All good questions. Having been employed by Siemens PLM Software for going on 23 years I can answer these. Siemens sell among other softwares NX which has a CAD, a CAM, A Drawing and an Inspection module. The CAD version, quite obviously is the Computer Aided Design module. The designer of the component only needs to be concerned with the finished component. The sizes and dimensions, the GD&T (Geometric Dimensions and Tolerance), and the material used for the component. This information referred to as PMI, Product Manufacturing Information, can then be passed to the Drawing Module, which will create, with some user input, industry standard drawings for distribution either hard copy or electronic. The PMI can also be passed to the CAM module, Computer Aided Manufacturing, which comes complete with a large number of currently available standard machines, holding fixtures/devices, and tools. The individual processing the design through the manufacturing process then decides which steps with what tools in what order. Specialty tools and holding fixtures can be created in the CAD module then stored appropriate libraries for use. A tool path can be generated, depth of cuts, feeds and speeds are all programmable, even the rough un-machined blank can be simulated to see material removal simulated. This allows a process engineer to make sure that the tools do not collide with holding fixtures. If the machine used has an auto tool changer this the tool changes can be programmed. If the program indicates a tool collision or a movement out of range it will give a warning. If the feeds and speeds selected are in conflict a warning will be issued. The CAM module can be set up to do simple milling and turning up to six axis machining. When the designer is ready he can then post process all the commands into "G" code for the CNC station to use in the manufacture of the desired part.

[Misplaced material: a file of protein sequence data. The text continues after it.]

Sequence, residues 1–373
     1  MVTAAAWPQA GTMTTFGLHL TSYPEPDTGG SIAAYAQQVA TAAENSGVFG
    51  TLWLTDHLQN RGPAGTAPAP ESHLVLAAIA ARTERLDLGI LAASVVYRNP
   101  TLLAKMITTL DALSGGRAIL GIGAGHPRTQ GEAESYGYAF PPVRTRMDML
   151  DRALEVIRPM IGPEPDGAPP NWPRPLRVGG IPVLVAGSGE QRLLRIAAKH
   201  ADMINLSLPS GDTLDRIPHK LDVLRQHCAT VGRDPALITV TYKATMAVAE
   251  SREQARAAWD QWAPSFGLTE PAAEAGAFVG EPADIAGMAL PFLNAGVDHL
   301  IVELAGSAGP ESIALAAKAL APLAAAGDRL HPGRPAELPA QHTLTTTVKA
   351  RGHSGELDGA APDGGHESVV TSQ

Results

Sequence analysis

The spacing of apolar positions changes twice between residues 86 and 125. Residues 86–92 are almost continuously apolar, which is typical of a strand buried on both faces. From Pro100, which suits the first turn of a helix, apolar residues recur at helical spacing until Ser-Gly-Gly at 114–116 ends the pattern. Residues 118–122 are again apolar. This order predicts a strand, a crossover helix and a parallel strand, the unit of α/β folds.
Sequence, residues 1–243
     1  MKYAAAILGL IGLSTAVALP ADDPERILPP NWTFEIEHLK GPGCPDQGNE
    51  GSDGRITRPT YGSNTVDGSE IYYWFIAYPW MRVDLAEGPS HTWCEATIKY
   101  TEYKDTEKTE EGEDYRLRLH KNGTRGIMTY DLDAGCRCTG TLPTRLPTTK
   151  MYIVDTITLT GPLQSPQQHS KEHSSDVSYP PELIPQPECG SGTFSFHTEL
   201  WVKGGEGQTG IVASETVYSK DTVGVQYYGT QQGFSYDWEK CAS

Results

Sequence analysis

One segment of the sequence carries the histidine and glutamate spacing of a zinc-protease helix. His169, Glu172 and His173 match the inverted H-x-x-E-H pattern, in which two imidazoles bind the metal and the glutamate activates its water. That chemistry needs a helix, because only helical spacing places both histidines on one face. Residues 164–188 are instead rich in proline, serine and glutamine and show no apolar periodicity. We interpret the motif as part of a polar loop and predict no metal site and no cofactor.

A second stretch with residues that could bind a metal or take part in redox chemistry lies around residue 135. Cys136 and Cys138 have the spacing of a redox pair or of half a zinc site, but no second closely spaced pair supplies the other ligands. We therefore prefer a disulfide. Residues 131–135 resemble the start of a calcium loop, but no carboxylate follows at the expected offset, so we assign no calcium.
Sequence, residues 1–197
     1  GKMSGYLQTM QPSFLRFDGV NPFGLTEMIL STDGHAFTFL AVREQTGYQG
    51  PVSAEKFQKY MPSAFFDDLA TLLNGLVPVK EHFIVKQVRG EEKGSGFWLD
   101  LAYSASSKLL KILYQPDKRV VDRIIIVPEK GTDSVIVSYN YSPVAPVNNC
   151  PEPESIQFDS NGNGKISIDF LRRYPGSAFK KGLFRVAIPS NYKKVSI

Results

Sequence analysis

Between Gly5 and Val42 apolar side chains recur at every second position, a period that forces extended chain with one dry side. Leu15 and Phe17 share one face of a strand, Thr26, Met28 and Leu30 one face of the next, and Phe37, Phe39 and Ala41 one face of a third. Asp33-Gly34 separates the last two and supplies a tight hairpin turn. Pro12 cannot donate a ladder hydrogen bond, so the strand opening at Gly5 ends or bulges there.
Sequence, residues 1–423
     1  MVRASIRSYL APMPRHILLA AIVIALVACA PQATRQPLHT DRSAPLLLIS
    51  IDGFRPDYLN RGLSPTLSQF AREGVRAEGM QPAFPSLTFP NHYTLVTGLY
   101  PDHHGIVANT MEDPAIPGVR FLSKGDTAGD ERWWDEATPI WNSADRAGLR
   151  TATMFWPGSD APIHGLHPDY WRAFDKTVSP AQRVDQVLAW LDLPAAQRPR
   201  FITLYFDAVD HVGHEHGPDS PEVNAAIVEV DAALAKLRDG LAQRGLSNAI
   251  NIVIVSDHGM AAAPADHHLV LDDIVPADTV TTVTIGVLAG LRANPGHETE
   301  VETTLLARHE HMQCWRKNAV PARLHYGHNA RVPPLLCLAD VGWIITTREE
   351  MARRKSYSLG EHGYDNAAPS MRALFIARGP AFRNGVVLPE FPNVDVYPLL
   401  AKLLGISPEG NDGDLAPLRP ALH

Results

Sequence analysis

The PMI can also be passed to the inspection module where an inspector can program a CMM in the same fashion post process DMIS (industry standard language for CMMs) and inspect the completed part. The PMI can also be passed to a software called VisMockup which will create the part in a format called JT and the GD&T is used to do a statistical analysis to determine whether the capabilities of the manufacturing process combined with the tolerances of the parts will meet the manufacturing requirements. The data collected from the actual inspection of the part on the cmm can be fed back into VisMockup for comparison to determine the validity of the analysis and the accuracy of the assumptions of the process capabilities. Thus making future assumptions of process capabilities more accurate.

The entire modules do not take up that much space either. I have all four modules sitting on the laptop that I'm writing this post. I also have usual Microsoft packages on here, which they are compatible with, and in the case of VisMockup I have both 32 and 64 bit version and two different releases of because of the customers is bill my time to. The limiting factor for anyone wishing to use the stuff is the cost of the licenses. As I'm employed by Siemens I get the licenses for free and only have to update annually.
Steven